Fijian verdict welcomed
Published July 19th 2003 in Reuters Wire

LONDON. The Commonwealth Secretary-General, Don Mckinnon, today described as "an important landmark" the ruling of a five-member Bench of the Supreme Court of the Fiji Islands that the Prime Minister must give proportional representation in his Cabinet to all parties with more than 10 per cent of the seats in the House of Representatives. Mr. McKinnon said in a statement: "The decision signifies an important landmark in the political history of the Fiji Islands. I welcome the leadership demonstradted by the Prime Minister, Qarase, in his reaction to the Supreme Court ruling on Friday and his statement in which he said that his task now is to implement the decision taking into account the political questions that the Constitution does not address."

The Secretary-General expressed the hope that Mr. Qarase and the former Prime Minister, Mahendra Chaudhry, would maintain a dialogue in good faith through their `Talanoa' process to map the way forward. The Supreme Court ruled that under Section 99 of the Constitution the Prime Minister must invite all the major parties to be represented in the Cabinet. It left to the Prime Minister the selection of persons in consultation with the leaders of the parties concerned.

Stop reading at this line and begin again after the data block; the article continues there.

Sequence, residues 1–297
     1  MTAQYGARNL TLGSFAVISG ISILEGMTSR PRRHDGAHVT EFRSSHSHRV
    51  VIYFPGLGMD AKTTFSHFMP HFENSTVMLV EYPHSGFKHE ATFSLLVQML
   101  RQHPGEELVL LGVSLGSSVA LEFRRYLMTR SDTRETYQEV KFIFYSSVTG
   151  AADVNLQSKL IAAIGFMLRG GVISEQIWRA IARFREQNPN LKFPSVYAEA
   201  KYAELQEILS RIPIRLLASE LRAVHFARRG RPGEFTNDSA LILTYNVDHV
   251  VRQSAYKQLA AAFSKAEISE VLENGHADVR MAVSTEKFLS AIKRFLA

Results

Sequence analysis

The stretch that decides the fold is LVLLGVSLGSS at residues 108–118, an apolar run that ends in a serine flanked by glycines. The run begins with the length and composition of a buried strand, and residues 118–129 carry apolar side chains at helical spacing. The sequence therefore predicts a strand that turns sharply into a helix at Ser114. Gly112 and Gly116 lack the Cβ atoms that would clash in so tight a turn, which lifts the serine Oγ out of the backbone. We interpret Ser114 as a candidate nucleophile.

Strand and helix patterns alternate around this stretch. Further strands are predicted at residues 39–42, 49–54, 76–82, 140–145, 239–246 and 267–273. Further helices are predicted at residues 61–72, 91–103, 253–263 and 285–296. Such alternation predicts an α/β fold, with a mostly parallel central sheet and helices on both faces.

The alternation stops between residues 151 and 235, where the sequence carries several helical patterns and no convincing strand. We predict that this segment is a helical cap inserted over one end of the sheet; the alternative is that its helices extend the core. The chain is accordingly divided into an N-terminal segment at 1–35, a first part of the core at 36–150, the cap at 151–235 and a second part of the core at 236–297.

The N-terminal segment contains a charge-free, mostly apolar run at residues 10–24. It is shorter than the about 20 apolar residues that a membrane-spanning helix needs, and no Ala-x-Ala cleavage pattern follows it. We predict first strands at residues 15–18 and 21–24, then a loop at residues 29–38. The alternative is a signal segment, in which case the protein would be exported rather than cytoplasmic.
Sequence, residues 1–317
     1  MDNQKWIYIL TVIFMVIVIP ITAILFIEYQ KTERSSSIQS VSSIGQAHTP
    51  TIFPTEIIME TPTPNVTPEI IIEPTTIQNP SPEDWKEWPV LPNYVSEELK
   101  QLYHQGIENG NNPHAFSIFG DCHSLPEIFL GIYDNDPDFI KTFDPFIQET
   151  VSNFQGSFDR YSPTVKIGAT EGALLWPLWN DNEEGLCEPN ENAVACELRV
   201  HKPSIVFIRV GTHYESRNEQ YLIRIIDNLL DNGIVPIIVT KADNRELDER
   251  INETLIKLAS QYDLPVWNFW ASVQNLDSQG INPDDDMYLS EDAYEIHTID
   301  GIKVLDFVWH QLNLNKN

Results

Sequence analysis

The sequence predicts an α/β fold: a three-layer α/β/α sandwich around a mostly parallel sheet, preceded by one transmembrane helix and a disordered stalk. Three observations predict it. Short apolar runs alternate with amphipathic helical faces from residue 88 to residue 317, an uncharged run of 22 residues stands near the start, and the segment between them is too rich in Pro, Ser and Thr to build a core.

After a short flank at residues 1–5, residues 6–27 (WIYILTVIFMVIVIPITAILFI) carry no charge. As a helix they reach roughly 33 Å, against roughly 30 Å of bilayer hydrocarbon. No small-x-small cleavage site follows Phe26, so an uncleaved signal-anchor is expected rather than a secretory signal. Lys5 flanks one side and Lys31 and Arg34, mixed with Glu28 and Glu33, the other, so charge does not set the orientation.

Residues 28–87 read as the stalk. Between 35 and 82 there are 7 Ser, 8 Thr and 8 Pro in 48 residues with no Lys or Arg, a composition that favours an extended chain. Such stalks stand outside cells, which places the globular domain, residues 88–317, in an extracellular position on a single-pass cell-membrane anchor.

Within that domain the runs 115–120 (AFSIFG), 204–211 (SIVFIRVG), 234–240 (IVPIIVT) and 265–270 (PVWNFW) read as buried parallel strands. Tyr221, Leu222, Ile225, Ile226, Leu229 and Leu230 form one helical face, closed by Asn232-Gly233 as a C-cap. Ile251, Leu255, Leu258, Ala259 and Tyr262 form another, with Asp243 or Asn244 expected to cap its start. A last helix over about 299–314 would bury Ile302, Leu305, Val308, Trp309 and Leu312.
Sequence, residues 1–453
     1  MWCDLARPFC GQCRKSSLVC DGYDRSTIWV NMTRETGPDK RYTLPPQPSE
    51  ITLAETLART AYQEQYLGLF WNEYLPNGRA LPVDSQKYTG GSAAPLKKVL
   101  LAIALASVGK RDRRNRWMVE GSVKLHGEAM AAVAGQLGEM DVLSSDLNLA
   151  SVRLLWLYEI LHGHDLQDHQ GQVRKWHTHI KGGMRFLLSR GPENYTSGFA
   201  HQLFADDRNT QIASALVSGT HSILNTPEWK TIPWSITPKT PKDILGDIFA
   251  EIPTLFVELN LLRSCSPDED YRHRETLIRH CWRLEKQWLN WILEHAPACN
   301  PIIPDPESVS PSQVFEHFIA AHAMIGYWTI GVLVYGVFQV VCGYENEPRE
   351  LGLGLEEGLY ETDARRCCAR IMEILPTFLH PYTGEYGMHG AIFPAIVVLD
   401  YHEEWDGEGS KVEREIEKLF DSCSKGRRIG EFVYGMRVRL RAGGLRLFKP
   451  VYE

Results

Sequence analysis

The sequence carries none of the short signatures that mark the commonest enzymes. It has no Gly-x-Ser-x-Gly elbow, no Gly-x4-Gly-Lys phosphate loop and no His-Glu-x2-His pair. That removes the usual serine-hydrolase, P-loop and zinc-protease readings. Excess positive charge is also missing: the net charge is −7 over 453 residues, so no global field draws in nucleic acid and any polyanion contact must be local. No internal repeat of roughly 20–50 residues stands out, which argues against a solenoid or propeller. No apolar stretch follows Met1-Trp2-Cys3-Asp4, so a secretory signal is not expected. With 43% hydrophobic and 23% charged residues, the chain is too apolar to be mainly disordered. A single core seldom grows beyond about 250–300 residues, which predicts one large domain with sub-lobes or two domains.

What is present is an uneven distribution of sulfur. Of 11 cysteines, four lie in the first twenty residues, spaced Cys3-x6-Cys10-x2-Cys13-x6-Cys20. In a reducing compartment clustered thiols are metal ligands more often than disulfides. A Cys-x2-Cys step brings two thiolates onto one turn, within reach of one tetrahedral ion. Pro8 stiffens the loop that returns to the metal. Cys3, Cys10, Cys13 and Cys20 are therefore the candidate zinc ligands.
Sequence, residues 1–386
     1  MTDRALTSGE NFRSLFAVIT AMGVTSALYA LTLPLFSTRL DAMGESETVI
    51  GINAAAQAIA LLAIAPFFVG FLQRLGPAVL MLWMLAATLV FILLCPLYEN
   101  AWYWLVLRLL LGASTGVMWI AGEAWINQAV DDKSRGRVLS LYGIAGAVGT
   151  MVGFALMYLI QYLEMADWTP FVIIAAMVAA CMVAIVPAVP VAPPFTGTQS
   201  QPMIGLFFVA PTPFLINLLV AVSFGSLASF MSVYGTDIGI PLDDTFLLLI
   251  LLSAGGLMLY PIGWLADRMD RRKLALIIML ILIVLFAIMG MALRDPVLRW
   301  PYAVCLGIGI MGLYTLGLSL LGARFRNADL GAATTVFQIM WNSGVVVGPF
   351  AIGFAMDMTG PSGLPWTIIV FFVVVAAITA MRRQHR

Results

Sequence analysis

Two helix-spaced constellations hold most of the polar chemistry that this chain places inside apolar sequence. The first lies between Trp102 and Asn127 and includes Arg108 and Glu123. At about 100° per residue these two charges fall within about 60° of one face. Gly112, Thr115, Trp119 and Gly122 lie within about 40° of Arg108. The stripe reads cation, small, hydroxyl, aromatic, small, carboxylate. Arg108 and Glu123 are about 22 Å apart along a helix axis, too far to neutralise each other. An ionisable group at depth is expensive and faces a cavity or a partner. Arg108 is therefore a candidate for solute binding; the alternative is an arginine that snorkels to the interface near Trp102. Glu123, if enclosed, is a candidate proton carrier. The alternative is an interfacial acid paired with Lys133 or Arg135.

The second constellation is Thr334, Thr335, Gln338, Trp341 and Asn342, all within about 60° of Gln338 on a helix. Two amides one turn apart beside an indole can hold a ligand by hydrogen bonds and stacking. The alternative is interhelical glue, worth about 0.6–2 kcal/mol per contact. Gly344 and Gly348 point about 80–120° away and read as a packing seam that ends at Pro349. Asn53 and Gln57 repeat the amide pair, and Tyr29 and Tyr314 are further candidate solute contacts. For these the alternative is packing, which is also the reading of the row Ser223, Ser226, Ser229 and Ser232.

The decision will lead to the refashioning of the government by including up to eight ethnic Indian MPs from the Fiji Labour Party led by Mr. Chaudhry in this racially-divided south Pacific nation. The judgment was delivered amid tight security in the capital Suva while public reaction to the development was being watched.

The `Talanoa' process was facilitated by the East West Centre in Hawaii to promote a Pacific-Island style dialogue that would bring together people with opposing views without any predetermined expectations of an agreement. Under this process, Mr. Qarase, who is the leader of the Soqosoqo Duavata ni Lewenivanua (SDL) party and Mr.Chaudhry, have held several rounds of discussions on issues critical to the Fiji Islands. The developments in the islands were considered most recently in May 2003 by the Commonwedalth Ministerial Action Group.

Political observers said the development left Mr. Qarase with three options: offer the labour MPs minor posts, reshuffle the Cabinet to allot to labour MPs senior posts, including those that concern the ethnic affairs portfolio, or order snap elections. Mr. Qarase only recently ruled out the third option. Australia and New Zealand, Fiji's biggest trade partners which are Pacific neighbours, and aid donors, have welcomed the court's decision.